Noise isolation on these is GREAT! Perfect for tracking! For some, the tight press may be slightly uncomfortable but all you have to do is stretch out the headband every time you wear them and they will loosen up a considerable amount. They are very effective at isolating noise and GREATLY reducing headphone bleed.

These have detachable cables which is GREAT. Because if you break a cable, you can simply take it out the headphone and replace it with another cable. I think all headphones should have this feature. The cable turns and locks in the headphone sort of like the Shure SRH440s.

How do these sound? Quite impressive for a $100. You would think that you would get something that sounds more like a Sony 7506 for a $100 or something that has the build quality of the Shure SRH440's which has a crap build quality but these babies here...they are worth double it's price. They are worth the price of the Beyerdynamic DT770's and yet they are half the price of those and it can be argued that they are better than those depending on what you want in sound. Also the DT770's do not have detachable cables and they lose points against these for that. While these headphones aren't what I call bass monsters, they have good extension in the lows and you can hear just about anything you need to hear. I will say that the bass in these is a little excited though. The bass on these is powerful but not too abundant. They will cloud your judgement in the low end if you aren't familiar with this fact so be mindful of that when mixing/mastering with these. When just using these for regular music listening, it tends to give power to lots of elements in songs but mainly 808's and kick drums. The bass in these headphones is really there. I wouldn't call it highly exaggerated but it's THERE and I mean it's THERE beyond the lines of flat. Whoever complains about these not having enough bass...I don't know what to tell them. Haha The mids...the mids sound pretty neutral to my ears. If anything, maybe a little forward. The treble is great to me because it is never piercing unless the track itself has piercing treble. The treble sounds just right to me.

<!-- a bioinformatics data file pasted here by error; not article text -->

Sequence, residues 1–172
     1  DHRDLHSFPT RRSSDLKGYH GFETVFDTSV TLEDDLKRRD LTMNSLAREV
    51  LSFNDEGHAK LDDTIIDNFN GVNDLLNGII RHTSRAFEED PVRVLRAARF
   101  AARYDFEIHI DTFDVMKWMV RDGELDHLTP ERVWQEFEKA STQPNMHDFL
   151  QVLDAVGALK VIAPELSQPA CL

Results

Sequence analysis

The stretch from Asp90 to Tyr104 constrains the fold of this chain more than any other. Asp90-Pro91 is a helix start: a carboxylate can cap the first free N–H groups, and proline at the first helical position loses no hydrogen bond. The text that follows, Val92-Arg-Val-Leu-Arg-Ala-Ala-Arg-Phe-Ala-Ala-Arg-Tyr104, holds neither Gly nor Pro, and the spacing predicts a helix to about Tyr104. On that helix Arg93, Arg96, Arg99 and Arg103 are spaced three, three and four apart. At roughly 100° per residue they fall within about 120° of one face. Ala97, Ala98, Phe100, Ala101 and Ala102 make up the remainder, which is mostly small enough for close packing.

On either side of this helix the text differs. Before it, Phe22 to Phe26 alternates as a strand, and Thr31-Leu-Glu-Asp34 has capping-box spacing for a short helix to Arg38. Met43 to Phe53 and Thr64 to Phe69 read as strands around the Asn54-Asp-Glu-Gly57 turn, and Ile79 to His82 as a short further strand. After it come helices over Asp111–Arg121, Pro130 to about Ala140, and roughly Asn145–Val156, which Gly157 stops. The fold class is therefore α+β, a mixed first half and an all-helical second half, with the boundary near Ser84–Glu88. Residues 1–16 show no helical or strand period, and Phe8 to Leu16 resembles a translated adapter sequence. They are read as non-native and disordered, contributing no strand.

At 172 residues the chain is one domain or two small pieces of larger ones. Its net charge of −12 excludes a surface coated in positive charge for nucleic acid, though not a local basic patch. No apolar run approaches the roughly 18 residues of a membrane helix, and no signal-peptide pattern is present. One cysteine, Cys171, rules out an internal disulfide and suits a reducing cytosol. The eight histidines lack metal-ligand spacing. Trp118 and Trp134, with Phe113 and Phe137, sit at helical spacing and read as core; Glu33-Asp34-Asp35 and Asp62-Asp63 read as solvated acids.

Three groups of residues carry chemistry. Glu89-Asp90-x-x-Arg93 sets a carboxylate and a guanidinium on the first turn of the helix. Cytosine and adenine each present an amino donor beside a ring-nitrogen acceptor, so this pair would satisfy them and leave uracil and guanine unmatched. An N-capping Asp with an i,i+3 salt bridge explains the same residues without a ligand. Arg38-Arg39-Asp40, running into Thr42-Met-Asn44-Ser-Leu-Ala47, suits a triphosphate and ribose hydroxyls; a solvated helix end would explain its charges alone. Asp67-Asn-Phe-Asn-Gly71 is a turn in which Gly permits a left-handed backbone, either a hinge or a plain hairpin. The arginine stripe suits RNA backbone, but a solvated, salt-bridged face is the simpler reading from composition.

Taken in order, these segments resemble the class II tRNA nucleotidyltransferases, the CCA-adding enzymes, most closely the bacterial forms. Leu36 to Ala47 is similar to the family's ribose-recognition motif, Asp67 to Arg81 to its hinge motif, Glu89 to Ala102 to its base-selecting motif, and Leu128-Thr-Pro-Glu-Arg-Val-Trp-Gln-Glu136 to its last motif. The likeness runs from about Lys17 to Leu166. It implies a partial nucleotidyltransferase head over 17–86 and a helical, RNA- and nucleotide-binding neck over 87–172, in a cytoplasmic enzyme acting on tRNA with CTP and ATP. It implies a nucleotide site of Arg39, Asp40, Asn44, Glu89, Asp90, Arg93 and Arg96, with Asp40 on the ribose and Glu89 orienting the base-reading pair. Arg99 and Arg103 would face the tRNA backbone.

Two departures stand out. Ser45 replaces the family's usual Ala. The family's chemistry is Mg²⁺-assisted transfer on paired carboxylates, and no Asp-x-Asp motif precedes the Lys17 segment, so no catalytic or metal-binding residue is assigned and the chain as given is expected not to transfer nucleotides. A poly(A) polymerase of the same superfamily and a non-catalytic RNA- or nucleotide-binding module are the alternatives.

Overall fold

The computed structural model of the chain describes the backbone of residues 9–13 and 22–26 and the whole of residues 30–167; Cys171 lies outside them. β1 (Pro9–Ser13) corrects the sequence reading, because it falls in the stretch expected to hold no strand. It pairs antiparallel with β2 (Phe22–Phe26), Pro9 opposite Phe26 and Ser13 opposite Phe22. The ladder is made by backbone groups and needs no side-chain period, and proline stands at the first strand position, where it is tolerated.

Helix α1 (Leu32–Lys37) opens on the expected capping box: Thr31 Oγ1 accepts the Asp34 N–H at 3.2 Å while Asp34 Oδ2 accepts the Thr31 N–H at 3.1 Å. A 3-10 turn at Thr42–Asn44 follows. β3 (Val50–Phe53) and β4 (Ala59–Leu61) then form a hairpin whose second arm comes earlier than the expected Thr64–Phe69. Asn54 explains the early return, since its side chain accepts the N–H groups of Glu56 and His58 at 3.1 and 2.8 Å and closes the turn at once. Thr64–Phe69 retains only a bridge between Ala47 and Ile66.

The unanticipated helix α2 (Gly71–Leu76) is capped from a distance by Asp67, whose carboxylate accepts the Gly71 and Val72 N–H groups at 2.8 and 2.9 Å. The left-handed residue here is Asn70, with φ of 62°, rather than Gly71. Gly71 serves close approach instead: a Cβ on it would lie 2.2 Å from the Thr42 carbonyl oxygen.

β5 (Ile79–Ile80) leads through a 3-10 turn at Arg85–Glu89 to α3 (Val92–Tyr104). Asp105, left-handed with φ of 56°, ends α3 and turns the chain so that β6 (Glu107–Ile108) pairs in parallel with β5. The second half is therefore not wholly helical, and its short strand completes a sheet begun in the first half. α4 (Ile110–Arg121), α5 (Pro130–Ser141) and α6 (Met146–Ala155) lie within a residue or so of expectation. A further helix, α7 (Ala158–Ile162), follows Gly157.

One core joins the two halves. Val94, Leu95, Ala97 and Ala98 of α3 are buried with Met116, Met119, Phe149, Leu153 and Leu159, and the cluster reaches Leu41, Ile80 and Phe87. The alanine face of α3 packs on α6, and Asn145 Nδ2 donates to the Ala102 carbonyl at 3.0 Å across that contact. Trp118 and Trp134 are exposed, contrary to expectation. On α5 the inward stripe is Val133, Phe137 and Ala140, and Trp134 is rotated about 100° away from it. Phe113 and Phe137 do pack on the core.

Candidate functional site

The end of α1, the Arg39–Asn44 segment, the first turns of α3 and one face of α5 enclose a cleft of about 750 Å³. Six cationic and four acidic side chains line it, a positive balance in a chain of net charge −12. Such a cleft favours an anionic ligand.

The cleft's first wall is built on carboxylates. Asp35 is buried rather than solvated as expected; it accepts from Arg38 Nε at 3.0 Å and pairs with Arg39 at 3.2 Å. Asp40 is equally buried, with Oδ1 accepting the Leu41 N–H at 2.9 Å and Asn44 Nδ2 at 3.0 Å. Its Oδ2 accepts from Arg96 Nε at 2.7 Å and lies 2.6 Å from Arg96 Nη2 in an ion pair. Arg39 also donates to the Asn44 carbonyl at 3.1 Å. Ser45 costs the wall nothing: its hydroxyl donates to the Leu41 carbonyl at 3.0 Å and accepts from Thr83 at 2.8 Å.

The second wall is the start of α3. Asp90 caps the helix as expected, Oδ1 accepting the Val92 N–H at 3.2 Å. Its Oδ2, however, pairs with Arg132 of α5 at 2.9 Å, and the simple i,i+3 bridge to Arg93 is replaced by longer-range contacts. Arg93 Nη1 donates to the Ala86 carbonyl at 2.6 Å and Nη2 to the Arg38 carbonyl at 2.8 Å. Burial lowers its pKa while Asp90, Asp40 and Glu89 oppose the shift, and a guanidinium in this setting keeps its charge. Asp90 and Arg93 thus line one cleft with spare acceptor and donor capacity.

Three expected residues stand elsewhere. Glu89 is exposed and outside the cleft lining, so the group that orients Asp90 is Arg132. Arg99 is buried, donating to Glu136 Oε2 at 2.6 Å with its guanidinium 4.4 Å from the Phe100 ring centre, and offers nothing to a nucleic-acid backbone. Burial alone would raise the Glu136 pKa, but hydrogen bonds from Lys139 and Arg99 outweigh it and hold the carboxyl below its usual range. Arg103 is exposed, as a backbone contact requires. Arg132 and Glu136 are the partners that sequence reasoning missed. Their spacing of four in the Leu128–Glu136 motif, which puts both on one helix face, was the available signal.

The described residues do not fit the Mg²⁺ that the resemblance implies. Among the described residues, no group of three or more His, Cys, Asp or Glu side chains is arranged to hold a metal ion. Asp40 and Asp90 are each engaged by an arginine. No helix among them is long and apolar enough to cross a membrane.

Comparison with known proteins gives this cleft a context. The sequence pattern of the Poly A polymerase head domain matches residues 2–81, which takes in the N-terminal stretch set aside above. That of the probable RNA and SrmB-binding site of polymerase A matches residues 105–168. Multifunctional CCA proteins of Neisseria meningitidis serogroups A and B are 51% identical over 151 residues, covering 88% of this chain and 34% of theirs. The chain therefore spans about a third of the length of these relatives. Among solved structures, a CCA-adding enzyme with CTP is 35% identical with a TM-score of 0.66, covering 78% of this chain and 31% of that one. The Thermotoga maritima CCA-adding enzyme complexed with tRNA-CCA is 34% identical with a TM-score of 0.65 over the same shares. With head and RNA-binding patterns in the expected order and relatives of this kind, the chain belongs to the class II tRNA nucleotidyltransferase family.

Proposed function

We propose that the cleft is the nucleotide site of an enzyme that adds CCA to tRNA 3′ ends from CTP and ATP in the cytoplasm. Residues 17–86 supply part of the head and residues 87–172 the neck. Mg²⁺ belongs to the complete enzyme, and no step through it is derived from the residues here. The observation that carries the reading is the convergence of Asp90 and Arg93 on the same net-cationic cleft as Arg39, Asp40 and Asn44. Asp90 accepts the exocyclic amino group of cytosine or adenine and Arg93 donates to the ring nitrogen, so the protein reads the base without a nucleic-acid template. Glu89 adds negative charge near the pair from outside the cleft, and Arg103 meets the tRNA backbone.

I would recommend this headphone as a beginner's first studio headphone because they will love it forever. It is capable of any and everything. One other thing I forgot to mention is these things have soundstage. It isn't large but more than what you think they would have. That is another reason why I love these.

Also, these things are pretty portable. They can fold up and the ear cups can flip and be adjusted to fit one's ears. It comes with a huge headphone bag, a regular cable and then a coiled one. So you get...

Amazing build quality
Excellent and honest sound
Great reduction of headphone bleed
Useful for more than one music or sound application
No worries about breaking a cable and not having a headphone due to
detachable cables.

All that for $100? That is a SICK deal. On top of that, if you want to get an even sicker deal, you can get them off ebay for darn near half the price of that. The only thing about that is when I got them off Ebay the first time, I got them from a random person and I payed for that dearly because one side of the headphones were louder than the other. I ended up getting rid of those and buying another pair from Guitar Center. I also bought another pair shortly after as a gift to someone off Ebay and those worked just fine because I bought them from an AUTHORIZED DEALER. I capitalize that for a reason. Haha

Seriously though...GET THESE.